Encouraged by my findings and the fruitful method of comparing designs with accompanying written documents I started studying the Amsterdam Bijlmermeer development. However, in this case there were far more sources to study. For example there were about four descriptive documents, each explaining a different aspect of the plan. Each again had reactions from language users (peers, journalists, etc.), responding in secondary sources to the designs. All this documentation had to be part of my research to get the complete picture. I faced an enormous web of sources and had to make sure that all my findings were verifiable and that all the data could be traced to its original source.
Library information box on storing and structuring data:
TU Delft offers its employees several options for storing, organizing and exchanging research data safely during research. The solution that fits your research data depends on your specific (security) needs. If you want to make your data available for the long term, your data should be made accessible, discoverable and fit for re-use on a stable location which can be cited and for which statistics can be collected. TU Delft offers the 4TU.ResearchData-Archive for doing just that.
Because the Bijlmermeer was not within the official Amsterdam municipal boundaries no one knew exactly who was responsible for the decisions on the development. This gave designers of the municipality the space to quickly go ahead with detailing the plan without too much interference of decision makers. City councillors were suddenly presented with a nearly finished plan, to which they could hardly say ‘no’ anymore. Moreover, the map was very unclear with little explanation of what was what. The designers had used unfamiliar abbreviations for simple things. For example, communal areas were called ‘I.C.G.’. So both drawing and text were rather abstract, technocratic and therefore inaccessible. This is reflected in the language used in the response, which was quite negative. The high-rise buildings were referred to as ‘plakken’ (fat slices) by a colleague architect. An interesting play of rhetorical language.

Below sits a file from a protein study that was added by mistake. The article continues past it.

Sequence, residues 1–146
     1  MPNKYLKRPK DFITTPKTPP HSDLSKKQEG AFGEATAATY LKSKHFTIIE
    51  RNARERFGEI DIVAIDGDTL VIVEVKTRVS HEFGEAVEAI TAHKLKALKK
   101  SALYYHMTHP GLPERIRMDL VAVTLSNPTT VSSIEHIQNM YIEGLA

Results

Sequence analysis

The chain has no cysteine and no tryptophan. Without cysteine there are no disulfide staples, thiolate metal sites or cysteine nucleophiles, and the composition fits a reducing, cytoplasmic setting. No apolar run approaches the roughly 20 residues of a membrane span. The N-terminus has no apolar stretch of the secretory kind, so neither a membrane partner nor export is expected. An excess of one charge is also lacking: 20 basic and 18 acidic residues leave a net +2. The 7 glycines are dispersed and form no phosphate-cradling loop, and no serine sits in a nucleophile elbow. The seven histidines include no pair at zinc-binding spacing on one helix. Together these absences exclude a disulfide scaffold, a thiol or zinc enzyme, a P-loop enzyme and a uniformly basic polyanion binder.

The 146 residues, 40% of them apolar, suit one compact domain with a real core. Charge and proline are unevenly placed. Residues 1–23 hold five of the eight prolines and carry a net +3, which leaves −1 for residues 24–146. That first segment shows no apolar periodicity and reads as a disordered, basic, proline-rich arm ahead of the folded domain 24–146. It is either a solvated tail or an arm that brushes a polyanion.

1995 – IJburg
In the IJburg development it is all about the rhetorics of the drawing. Plans had to go through many decision-making phases, in which the opinion of the general public played a more important role compared to the earlier eras. There was a lot of opposition to the project, who argued that the area should not be built upon, but left to nature. That is why you see a lot of green metaphors in the design, for example ‘green tunnel’ for a small water way, which in real life is not green nor a tunnel, but the term is still used today: https://firstname.lastname@example.org,4.9986702,17z . Furthermore, a lot of blues and greens are used in the drawings itself. Also the perspective of the drawing is often from the water side to create a feeling of space, rather than a built up area. This time I had the fortune to check my assumptions with the head designer Frits Palmboom, who is a TU Delft colleague and confirmed that in the 90-s metaphors were a new subtle way of persuasion.
During my research I have spent a lot of time in archives of institutions in Amsterdam, our own Library and the room of Tresor. Analogue sources take time to find, but sometimes you make unexpected discoveries. Thankfully I could also make use of online archives, like Delpher for newspapers (http://www.delpher.nl/). With each finding I had to make sure I looked at the source within the right time frame. Words might have been spelled the same in 1905, but mean something different now. Each word in my research is a window into the cultural history of Amsterdam, and into the development of the discipline of urbanism.
Vrijheidslaan, Amsterdam 1925 (Photo: Amsterdam Archive)
Vrijheidslaan, Amsterdam 2010 (Photo: MaartenJan Hoekstra)